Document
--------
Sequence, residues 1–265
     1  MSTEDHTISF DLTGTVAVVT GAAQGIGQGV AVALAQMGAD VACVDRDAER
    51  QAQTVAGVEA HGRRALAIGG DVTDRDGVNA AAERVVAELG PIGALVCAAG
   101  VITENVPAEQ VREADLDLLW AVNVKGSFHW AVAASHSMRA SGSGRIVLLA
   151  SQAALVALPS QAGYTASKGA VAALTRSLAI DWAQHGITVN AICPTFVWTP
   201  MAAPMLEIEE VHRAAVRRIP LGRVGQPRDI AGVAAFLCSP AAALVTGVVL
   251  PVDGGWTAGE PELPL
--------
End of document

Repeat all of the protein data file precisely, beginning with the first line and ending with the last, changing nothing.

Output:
Sequence, residues 1–265
     1  MSTEDHTISF DLTGTVAVVT GAAQGIGQGV AVALAQMGAD VACVDRDAER
    51  QAQTVAGVEA HGRRALAIGG DVTDRDGVNA AAERVVAELG PIGALVCAAG
   101  VITENVPAEQ VREADLDLLW AVNVKGSFHW AVAASHSMRA SGSGRIVLLA
   151  SQAALVALPS QAGYTASKGA VAALTRSLAI DWAQHGITVN AICPTFVWTP
   201  MAAPMLEIEE VHRAAVRRIP LGRVGQPRDI AGVAAFLCSP AAALVTGVVL
   251  PVDGGWTAGE PELPL